Application and Technical Data (cont.)
Temperature Coefficient (Alpha)Temperature coefficient, or Alpha, is the term given to the average resistance/temperature relationship of an RTD over the temperature span of 0100°C and is expressed as ohm/ohm/0°C. The formula for determining Alpha is:
Typical Temperature Coefficients are:
Note: SAMA Standard RC2141966, has a temperature coefficient of .003923. The SAMA 100 ohm (Nominal) element only has a resistance of 98.129 ohms at 0°C. This element is in common use and should not be confused with the more commonly used elements having a 100 ohm resistance at 0°C.
Platinum is by far the most commonly used material in RTD probes. The other materials are used where the higher resistance change or the nonlinearity of their curves are advantageous. It becomes obvious that since Alpha is a value developed using the variables of R(0°C) & R(100°C) that the Alphas noted above are not absolutes.They do however commonly serve as adequate specifications for the standard elements. Alpha serves as an integral component in developing resistance versus temperature tables. The R/T table for platinum sensors published at the back of this catalog were developed using the CallendarVan Dusen equation which corrects for the departure from linearity at temperatures other than 0100°C which is stated by Alpha. CallendarVan Dusen Equation Where: α = Constant (see formula above) R_{T} = R_{O} (1 + AT + BT^{2}) R_{T} = Resistance at temperature T Accuracy  InterchangeabilityThe terms accuracy and interchangeability are used jointly when considering the accuracy of an RTD. The factors affecting the accuracy of an RTD measurement excluding the accuracy of the readout instrument, is the relationship of the "as built" sensor to the resistance vs. temperature curve when compared to the assumed curve (the resistance vs. temperature table), and any aging or other environment effects on the sensor. It is impossible to manufacture on a production basis sensors that will adhere to the calculated value of their resistance vs. temperature tables. There are three terms to be considered to understand why. They are: Proportional Error  Adjustment Error  Intrinsic Error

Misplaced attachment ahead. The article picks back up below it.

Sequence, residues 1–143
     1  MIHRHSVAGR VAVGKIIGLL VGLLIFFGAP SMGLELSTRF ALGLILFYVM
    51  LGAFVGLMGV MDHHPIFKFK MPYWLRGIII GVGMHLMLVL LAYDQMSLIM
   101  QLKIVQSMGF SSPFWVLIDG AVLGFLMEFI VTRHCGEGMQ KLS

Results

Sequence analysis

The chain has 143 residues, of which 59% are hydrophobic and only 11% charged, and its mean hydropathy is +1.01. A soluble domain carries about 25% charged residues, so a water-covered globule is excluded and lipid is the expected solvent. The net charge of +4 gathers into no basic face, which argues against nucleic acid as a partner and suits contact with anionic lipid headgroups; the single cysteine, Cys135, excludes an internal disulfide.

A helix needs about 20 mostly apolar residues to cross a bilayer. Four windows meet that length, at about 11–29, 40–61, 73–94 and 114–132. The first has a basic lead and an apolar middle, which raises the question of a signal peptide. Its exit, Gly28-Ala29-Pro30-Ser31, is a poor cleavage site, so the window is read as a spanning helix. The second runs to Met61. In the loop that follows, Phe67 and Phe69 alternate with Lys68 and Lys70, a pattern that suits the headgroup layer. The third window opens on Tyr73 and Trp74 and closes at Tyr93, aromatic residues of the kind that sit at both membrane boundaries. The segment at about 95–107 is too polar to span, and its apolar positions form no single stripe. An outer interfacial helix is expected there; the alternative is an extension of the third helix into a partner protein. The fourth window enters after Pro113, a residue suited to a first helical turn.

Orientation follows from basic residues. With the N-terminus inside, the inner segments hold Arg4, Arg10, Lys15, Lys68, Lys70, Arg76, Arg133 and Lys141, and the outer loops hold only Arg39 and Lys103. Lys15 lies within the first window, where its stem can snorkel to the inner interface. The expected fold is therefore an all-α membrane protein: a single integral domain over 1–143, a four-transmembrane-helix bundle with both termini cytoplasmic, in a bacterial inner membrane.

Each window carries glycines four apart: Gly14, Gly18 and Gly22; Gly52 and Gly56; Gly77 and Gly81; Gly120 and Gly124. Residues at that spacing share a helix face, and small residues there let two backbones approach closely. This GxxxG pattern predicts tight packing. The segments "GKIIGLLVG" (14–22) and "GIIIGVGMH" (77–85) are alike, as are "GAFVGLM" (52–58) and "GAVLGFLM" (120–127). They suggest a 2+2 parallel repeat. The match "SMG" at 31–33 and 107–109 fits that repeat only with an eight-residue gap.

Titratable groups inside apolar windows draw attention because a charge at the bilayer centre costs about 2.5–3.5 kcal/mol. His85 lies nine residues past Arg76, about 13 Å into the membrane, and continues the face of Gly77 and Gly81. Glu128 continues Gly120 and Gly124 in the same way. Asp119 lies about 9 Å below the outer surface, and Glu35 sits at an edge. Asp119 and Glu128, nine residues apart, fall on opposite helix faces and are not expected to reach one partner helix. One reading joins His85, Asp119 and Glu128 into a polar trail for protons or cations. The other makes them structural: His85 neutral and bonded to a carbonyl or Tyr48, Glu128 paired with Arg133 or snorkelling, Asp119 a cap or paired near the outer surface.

Note: Not all sensors are usable at all the temperatures shown. The tolerances are applicable up to the maximum temperature of a given sensor.